Have Japanese policy makers miscalculated the impact of a falling Japanese Yen currency?

The Japanese Trade Ministry released its 2013 current account balances on February 10, 2014, which according to various business news reports, was touted as one of the smallest surplus in nearly three decades due to the growing demand for energy, amid widespread shortages, and generally robust demand coming from the impact of Abenomics, which push up import volumes. In addition, the impending consumption tax increase in April 2014 from the current 5.0 percent to 8.0 percent also helps to push up demand in anticipation of the consumption tax hike.

According to a news report published by the Nikkei Asian Review on Feb 10, Japan’s balance of payments (BOP) figures, which measures net receipts from trade and investment with the global trade partners, produced a surplus of Japanese Yen (JPY) 3.31 trillion (USD 32.3 billion), which was down by 31.5 percent from 2012, and was said to be the smallest surplus recorded under the existing calculation method that began in 1985. For the month of December 2013 alone, the current account incurred its third straight deficit with a shortfall being recorded at JPY 638.6 billion, due to the rising energy imports, partially offset by overseas receipts from investments made abroad. Imports for the entire 2013 totalled JPY 77.0 trillion.

The latest current account balance figures have caught many economists by surprise who have earlier expected that the near 20.0 percent fall in the value of the Japanese Yen in 2013 will help to increase exports, but the impact of Abenomics did not really translate into better terms of trade, while domestic demand for overseas imports have risen. However, the rate of sustainability of the domestic demand factor will be much in focus come April 2014 with the consumption tax hikes, and the lagging wage growth in Japan. These issues might complicate matters as Prime Minister Shinzo Abe tries to steer the Japanese economy out of its decades-old slump.

There are growing concerns among investors on the sustainability of the economic outlook for Japan, given that the domestic markets are rising, but not at a robust pace as many will have anticipated under Abenomics. The thought that with a weaker Japanese Yen currency to around 101.0 to the US Dollar this year could add impetus to exports volumes has so far been seeing disappointment as exports fell, and imports rose due to the energy shortages as a result of the slow start on powering up the various nuclear power plant facilities around the country following the three-year shutdown of the crippled Fukushima Nuclear Facility as a result of the March 2011 triple disasters (Tsunami, earthquake, and nuclear). In addition, the assumption that exports pickup coming from overseas markets appeared to have been backfired as many Japanese manufacturers are increasingly shifting their production overseas due to better economies of scale, and efficient use of resources.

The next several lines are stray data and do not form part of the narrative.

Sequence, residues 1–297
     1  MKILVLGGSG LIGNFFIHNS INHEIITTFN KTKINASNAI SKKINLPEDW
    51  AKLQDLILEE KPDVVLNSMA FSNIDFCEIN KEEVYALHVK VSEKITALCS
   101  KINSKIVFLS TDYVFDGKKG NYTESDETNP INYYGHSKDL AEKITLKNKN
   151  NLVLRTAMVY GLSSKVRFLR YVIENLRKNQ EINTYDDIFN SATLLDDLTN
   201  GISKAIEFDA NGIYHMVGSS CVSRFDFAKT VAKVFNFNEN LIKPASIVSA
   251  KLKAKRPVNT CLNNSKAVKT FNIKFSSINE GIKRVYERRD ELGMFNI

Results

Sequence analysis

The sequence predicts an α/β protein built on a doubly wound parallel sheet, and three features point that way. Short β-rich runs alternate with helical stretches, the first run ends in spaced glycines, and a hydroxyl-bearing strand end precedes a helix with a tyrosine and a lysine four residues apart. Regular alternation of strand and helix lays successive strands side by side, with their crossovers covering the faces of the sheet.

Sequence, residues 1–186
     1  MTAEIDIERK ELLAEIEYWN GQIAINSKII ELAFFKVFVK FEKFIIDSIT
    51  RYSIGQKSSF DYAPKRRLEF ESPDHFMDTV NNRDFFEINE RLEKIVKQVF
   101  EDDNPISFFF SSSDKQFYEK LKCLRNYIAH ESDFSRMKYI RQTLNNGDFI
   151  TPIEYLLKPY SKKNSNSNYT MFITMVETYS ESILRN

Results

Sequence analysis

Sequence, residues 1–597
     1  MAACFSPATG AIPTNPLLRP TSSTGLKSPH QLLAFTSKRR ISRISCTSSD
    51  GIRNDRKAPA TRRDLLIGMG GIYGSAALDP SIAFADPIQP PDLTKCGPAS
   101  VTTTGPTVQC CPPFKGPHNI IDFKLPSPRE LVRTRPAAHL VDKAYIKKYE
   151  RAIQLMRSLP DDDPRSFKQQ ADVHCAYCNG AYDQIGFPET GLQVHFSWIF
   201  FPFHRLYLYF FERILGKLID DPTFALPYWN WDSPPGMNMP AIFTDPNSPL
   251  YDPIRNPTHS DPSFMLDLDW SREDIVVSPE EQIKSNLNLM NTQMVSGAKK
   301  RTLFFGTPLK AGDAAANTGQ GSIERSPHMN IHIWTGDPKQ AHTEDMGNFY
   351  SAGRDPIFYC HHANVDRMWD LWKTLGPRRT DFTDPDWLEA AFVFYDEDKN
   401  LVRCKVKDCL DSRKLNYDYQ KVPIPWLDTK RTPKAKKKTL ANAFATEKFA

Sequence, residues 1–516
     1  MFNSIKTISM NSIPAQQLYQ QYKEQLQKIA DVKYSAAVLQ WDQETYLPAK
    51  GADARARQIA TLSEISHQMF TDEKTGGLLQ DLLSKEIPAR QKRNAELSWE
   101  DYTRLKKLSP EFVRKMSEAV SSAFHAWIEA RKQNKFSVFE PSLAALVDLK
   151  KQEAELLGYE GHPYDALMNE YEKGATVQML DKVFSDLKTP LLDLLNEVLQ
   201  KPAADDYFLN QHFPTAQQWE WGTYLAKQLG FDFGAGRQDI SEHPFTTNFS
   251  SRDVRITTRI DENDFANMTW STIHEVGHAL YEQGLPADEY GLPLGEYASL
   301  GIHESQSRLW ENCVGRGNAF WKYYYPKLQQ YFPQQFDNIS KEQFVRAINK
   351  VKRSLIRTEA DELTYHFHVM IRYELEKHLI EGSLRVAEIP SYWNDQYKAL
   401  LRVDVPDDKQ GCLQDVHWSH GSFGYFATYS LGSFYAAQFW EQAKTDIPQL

The Nikkei 225 index has entered into a correction phase last week at around 14,000 levels, following the impacts of a rising Japanese Yen (JPY) currency, and other global macro concerns involving the emerging market economies. Last year’s 60.0 percent rise in the index was mainly the result of more foreign purchases being accompanied by the carry trade activities and general investor optimism about Abenomics and the impact on the Japanese economy. However, risks continue to remain as we approached the April 2014 consumption tax hikes and the uncertainties on the duration of issues involving the emerging market woes. With the US Federal Reserve starting to unwind its massive monetary stimulus, and Japan maintaining its monetary stimulus measures in a bid to achieve the overall 2.0 percent inflation target by 2015, it remained to be seen whether the global number one and three economic powerhouses will be able to wade through the current global macro uncertainties, and achieve their respective macroeconomic targets including unemployment and inflation levels by the end of 2014 and early 2015.

About Hock Meng Tay - Chief Editor, Asia-Pacific Region

Hock Meng Tay, CAIA has written 181 post in this blog.

Chief Editor, Asia-Pacific Region Hock Meng Tay is a CAIA holder and is currently taking CFA qualification. He has over 10 years of experience working as research associate in several investment companies.He is an expert in financial analysis and has published research reports in his current role. He obtained his Masters of Business Administration in Integrated Management and Masters of Arts in Economics while serving his internship in Starsource Inc

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About Hock Meng Tay - Chief Editor, Asia-Pacific Region

Chief Editor, Asia-Pacific Region Hock Meng Tay is a CAIA holder and is currently taking CFA qualification. He has over 10 years of experience working as research associate in several investment companies.He is an expert in financial analysis and has published research reports in his current role. He obtained his Masters of Business Administration in Integrated Management and Masters of Arts in Economics while serving his internship in Starsource Inc

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